transaction. By this definition, every sale would
ultimately constitute a fair market value sale.
What can the
term “value” mean?
• Intrinsic value. This is perceived value arrived at by
interpreting balance sheet and income statements
through the use of ratios, discounting cash flow
projections, and calculating liquidated asset value.
• Investment value. This is the worth of the business
to an investor and is based on the individual
requirements of the investor as to risk, return, tax
benefits, and so forth.
What can the
term “value” mean?
• Going-concern value.
This is the current status of the business as measured
by financial statements, debt load, and economic
environmental factors, such as government
regulation, that may affect the long-term
continuation of the business.
What can the
term “value” mean?
• Liquidation value. This value assumes the selling off
of all assets and calculating the amount that could be
recovered from doing so.
• Book value. This is an accounting measure of value
and refers to the difference between total assets and
total liability. It is essentially equivalent to
shareholders’ or owners’ equity.
Valuing a Business
• Adjusted Book Value
• Multiple of Earnings
• Discounting Cash Flows
• Capitalization of Earnings
Adjusted Book Value
• The book value of a going concern is simply the
owner’s equity, that is, the value of the assets less
the outstanding debts.
Multiple of Earnings
• Using a price/earnings (P/E) ratio to value a business is a
common method among publicly owned companies because
it’s simple and direct.
• This ratio is determined by dividing the market price of the
common stock by the earnings per share.
P/E RATIO = STOCK PRICE / EARNINGS PER SHARE
Discounting Cash Flows
• Calculating how much an investor would pay today to
have a cash flow stream of X dollars for X number of
years into the future.
Three Factors Determine
the Discount Rate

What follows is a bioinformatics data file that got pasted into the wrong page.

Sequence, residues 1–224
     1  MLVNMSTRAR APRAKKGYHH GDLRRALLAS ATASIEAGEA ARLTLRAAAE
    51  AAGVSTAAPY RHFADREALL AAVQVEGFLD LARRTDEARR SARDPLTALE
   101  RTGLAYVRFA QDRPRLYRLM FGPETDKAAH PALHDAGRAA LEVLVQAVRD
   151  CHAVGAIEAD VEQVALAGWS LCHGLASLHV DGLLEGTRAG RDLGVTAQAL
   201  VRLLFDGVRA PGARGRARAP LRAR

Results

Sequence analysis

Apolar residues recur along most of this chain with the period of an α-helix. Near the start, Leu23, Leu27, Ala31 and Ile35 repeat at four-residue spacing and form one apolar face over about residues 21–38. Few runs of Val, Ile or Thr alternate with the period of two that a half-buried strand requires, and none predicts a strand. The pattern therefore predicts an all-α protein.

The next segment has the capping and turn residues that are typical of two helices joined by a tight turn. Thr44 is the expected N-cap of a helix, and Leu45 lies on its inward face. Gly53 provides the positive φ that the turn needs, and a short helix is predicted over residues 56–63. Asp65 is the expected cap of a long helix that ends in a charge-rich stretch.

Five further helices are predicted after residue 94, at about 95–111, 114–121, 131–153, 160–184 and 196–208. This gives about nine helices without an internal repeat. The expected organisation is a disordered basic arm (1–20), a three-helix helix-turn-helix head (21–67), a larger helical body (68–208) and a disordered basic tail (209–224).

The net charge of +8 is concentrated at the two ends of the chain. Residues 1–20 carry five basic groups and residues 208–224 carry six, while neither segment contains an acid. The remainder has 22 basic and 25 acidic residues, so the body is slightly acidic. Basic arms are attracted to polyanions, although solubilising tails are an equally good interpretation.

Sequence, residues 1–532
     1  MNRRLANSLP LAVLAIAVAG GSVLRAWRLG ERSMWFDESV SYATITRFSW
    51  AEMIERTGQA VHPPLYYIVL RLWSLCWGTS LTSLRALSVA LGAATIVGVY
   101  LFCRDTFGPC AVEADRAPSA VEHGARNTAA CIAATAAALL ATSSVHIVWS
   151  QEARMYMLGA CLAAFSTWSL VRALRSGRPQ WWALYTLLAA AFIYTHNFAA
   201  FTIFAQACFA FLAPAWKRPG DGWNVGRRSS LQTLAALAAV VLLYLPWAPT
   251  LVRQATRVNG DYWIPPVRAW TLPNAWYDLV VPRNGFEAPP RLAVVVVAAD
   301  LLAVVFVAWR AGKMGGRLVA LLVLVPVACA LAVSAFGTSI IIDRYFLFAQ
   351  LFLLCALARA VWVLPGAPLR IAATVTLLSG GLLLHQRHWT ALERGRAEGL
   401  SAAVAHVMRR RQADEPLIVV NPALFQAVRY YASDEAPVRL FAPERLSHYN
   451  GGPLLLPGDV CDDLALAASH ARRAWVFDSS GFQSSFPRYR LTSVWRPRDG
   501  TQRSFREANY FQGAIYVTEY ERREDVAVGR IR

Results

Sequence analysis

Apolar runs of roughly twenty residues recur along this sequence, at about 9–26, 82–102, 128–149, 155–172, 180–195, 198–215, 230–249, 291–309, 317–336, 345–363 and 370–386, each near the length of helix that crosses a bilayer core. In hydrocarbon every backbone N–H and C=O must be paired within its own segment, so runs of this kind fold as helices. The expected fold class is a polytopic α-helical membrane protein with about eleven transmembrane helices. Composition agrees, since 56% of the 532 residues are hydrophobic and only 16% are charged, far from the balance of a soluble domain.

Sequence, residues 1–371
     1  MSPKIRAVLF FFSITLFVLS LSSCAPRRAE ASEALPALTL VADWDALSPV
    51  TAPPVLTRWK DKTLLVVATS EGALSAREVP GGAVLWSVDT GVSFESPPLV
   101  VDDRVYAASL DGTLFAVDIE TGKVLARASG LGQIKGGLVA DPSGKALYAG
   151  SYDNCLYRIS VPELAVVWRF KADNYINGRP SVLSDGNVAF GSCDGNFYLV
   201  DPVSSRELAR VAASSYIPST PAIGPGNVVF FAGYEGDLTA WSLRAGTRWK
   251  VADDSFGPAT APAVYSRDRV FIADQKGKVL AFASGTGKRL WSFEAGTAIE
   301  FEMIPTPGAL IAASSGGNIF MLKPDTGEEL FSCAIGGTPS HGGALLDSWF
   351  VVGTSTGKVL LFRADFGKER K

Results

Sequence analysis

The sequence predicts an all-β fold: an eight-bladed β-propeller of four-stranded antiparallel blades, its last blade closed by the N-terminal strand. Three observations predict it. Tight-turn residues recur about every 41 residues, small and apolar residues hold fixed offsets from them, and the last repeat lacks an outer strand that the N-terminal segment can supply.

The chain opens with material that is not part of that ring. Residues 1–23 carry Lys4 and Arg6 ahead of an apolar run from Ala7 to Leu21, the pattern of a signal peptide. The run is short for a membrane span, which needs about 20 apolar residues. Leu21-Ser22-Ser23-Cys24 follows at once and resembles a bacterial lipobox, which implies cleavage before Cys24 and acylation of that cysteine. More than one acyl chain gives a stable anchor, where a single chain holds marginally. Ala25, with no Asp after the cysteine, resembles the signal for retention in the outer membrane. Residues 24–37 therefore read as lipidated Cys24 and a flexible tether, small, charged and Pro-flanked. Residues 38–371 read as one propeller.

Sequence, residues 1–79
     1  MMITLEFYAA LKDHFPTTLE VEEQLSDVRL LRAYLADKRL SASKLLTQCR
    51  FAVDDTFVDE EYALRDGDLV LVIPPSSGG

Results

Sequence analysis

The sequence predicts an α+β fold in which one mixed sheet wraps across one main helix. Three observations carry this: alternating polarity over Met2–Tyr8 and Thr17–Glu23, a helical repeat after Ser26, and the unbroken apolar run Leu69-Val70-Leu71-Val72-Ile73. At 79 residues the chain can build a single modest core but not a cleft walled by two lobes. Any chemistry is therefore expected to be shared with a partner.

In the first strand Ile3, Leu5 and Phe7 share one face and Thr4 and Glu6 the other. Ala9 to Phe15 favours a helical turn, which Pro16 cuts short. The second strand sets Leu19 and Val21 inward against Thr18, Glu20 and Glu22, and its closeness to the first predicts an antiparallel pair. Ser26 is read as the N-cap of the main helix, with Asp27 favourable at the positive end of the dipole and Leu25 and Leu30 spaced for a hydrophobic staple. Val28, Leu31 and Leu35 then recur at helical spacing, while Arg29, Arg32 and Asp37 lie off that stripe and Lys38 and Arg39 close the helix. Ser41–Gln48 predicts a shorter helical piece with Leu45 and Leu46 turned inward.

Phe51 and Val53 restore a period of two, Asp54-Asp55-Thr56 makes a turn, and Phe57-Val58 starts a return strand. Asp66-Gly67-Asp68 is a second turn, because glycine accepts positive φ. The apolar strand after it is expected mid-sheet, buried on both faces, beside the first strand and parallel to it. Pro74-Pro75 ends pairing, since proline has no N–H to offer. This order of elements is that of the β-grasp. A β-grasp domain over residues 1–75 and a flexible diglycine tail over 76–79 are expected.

1. The rate achievable in a risk-free investment such as U.S. Treasury notes
over a comparable time period. For example, for a five-year forecast,
the current rate on a five-year note is appropriate.
2. A risk factor based on the type of business and the industry should be
added to the interest rate in item 1.
3. The life expectancy of the business, because typically discounting is
based on this factor.
Excess Earnings Method
1. Compute the adjusted tangible net worth of the business. Tangible
assets are adjusted up or down for market value; then liabilities are
2. Compute the opportunity cost of this investment. How much would the
investor/buyer earn by investing the same amount in another,
3. Forecast net earnings. Earnings from previous income statements can
provide a basis for the forecast, which is made before subtracting the
Excess Earnings Method
• Calculate the extra earning power, which is the difference between
forecasted earnings and opportunity costs.
• Estimate the value of intangible assets or goodwill. If the business has
extra earning power, that figure can be multiplied by what is known as a
years-of-profit (YOP) figure.
• Calculate the value of the business by adding the figures.
Capitalization of Earnings
• Either EBIT or EBITDA is divided by a capitalization rate, which
is the return the buyer requires on the investment
• For example, if the company’s EBITDA was $500,000 and the
buyer needed a 20 percent return on investment, the price
the buyer would be willing to pay would be $2,500,000.
EBITDA / REQUIRED ROI = MAXIMUM PURCHASE PRICE